Colleen Madamombe

Morning Exercise (C-3), 2003
Sculpture, Black serpentine
9 x 9 x 6 in
SKU: 11595g
$6,500
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"Morning Excercise (C-3)" is an original black serpentine stone sculpture by Colleen Madamombe. The artist signed the piece. This artwork features a woman with her hand raised above her head, and the artist used smooth and rough textures from the same stone. 

Black serpentine stone 
9 3/4" x 9" x 6" art

Colleen Madamombe was born in 1964 in Harare, Zimbabwe. Considered to be among the finest new talents from Zimbabwe, she has won the award of Best Female Artist of Zimbabwe for the past three consecutive years and is quickly becoming an established figure in the Second Generation of Zimbabwean stone sculptors.

Madamombe's sculpture is evidence of her strong determination to express herself by creating a very individual style and choice of subject matter. The themes of womanhood, girlhood, pregnancy, motherhood and the authority of the tribal Matriarch are visible in her artwork. These themes provide continuing inspiration and she looks forward to continuing to portray the feminine experience through old age. Madamombe is interested in not only the emotional and spiritual side of a woman's life but also the basic physical appearance and movement particular to females. She depicts in her forms these aspects of womanhood with poetic clarity, revealing emotions such as pride, authority, energy, endeavor, sadness, tenderness, and humor. Madamombe is a quiet and private person, however, she has strong feelings concerning the changing role of women in Zimbabwean society. Opportunities are developing for women, however, she feels they are losing their positions of traditional respect. In her view, it still remains difficult for women to pursue a career in the arts, predominantly because of an inherent lack of self-confidence. However, another critical factor is that the idea of following one's own ideas and ambitions or pursuing a profession is foreign to many Zimbabwean women. Madamombe explained, "A lot of women are artists and just don't realize it --making pots and other things for the home, and not for sale."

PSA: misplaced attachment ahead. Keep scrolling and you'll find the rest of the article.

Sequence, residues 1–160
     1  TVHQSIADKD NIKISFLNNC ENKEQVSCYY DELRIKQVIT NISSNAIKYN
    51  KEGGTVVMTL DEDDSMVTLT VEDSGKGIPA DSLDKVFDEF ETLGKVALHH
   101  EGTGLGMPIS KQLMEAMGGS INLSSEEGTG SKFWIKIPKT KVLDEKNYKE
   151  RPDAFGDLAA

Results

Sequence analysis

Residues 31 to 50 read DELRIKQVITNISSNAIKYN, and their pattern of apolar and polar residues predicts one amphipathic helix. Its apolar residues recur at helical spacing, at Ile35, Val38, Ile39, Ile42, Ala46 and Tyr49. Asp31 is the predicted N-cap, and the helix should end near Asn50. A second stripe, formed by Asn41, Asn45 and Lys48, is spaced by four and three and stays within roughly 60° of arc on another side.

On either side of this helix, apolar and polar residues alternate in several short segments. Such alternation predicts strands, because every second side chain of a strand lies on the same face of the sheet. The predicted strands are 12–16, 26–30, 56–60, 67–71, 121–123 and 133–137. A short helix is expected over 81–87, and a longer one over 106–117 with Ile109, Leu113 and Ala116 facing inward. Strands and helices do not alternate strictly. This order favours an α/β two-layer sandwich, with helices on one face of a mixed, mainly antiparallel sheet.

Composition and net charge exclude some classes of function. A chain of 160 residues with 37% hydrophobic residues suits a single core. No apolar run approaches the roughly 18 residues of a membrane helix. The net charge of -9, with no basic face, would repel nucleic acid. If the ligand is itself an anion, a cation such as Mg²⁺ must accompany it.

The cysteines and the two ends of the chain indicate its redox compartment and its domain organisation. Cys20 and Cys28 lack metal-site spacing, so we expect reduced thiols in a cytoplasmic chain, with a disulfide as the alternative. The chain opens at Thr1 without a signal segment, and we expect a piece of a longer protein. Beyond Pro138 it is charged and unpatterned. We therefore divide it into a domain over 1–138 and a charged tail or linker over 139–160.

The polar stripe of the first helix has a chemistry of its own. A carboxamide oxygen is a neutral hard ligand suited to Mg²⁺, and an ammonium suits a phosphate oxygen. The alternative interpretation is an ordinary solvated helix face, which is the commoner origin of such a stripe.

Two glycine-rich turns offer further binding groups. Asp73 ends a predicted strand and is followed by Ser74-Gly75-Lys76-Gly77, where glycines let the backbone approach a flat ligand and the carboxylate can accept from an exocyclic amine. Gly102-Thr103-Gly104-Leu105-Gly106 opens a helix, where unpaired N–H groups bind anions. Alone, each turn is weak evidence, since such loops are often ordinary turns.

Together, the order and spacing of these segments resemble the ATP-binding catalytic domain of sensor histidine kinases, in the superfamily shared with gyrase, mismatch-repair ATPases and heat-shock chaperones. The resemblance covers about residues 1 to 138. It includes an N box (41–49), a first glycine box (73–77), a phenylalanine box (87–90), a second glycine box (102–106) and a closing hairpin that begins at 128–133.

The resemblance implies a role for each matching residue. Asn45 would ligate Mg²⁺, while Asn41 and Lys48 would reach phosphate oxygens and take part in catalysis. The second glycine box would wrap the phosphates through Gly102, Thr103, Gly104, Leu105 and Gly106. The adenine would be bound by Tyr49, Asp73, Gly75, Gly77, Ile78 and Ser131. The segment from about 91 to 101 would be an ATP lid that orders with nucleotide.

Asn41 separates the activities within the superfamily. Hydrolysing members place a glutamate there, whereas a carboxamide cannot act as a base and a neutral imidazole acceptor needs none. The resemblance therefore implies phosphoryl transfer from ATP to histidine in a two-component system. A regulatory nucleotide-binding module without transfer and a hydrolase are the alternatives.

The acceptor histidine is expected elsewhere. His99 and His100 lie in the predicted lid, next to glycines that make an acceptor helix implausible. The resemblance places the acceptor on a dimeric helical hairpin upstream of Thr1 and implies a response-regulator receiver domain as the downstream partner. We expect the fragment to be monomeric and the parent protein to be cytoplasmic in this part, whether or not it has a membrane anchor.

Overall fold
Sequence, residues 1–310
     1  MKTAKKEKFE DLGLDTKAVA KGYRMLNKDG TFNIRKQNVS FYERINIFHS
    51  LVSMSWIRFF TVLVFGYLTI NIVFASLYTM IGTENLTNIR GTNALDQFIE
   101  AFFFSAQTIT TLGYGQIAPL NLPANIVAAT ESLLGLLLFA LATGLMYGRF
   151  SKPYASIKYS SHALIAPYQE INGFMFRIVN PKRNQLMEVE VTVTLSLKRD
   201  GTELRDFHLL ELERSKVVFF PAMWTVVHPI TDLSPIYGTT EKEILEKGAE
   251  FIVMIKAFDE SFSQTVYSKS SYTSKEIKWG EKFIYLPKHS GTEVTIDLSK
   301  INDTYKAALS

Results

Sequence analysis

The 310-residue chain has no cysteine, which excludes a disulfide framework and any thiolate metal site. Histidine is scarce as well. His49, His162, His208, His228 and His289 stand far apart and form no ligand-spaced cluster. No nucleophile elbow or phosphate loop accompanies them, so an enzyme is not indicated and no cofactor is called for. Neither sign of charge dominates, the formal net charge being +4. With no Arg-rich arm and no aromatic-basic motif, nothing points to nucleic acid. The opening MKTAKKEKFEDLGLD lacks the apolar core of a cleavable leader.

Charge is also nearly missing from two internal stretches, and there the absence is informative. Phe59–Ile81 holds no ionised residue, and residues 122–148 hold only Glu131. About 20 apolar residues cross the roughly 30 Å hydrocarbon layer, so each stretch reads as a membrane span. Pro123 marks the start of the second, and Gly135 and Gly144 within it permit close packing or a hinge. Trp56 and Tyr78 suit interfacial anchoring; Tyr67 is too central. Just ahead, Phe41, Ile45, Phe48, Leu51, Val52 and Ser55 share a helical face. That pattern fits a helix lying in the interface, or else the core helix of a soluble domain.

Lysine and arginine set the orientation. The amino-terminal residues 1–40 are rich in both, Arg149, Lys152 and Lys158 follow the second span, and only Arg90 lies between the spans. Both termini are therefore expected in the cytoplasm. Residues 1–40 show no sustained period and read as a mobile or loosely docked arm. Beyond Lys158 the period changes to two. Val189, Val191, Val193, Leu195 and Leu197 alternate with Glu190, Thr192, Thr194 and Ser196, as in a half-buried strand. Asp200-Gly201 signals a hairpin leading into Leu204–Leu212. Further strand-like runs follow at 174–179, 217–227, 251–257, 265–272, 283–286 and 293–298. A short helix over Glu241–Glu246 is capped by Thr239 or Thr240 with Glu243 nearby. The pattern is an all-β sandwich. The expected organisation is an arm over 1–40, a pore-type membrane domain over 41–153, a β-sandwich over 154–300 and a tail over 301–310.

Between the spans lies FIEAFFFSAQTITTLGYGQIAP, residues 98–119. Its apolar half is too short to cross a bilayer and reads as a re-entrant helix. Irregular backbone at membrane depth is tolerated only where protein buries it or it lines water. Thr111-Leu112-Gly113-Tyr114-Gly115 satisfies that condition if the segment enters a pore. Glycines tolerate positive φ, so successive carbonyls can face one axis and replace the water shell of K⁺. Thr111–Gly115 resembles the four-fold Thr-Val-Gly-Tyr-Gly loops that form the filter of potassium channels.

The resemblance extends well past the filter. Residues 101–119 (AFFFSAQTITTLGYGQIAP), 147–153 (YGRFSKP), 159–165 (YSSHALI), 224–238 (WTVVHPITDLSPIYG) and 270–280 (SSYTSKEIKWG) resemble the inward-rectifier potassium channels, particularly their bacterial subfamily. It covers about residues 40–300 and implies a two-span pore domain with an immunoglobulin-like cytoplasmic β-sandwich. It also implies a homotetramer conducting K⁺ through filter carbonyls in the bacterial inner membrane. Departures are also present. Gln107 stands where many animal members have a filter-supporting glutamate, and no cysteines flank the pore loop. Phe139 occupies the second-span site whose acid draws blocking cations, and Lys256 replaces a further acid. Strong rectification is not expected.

Some of Madamombe's early works emphasized the importance of seemingly insignificant subjects such as ants, bees, butterflies, and caterpillars. She admits to a fascination with what she sees as the humility of insects, a trait she feels the human race has lost. Other creatures, such as the cat and the zebra have provided interesting subject material, however, her fascination with the smallest of living things has endured, remarking, "[I like]... The way ants move in lines particularly. I love to watch their movement." She observes each of her subjects as close as possible and then carves from a strong mental image and the memories she holds of the animal, insect, or person.

Madamombe predominantly works in hard black Serpentine and uses the outer blanket of the stone to create several different textures to contrast with the polished surfaces. 

She died on May 31, 2009, and is buried near her rural home in Zvimba.

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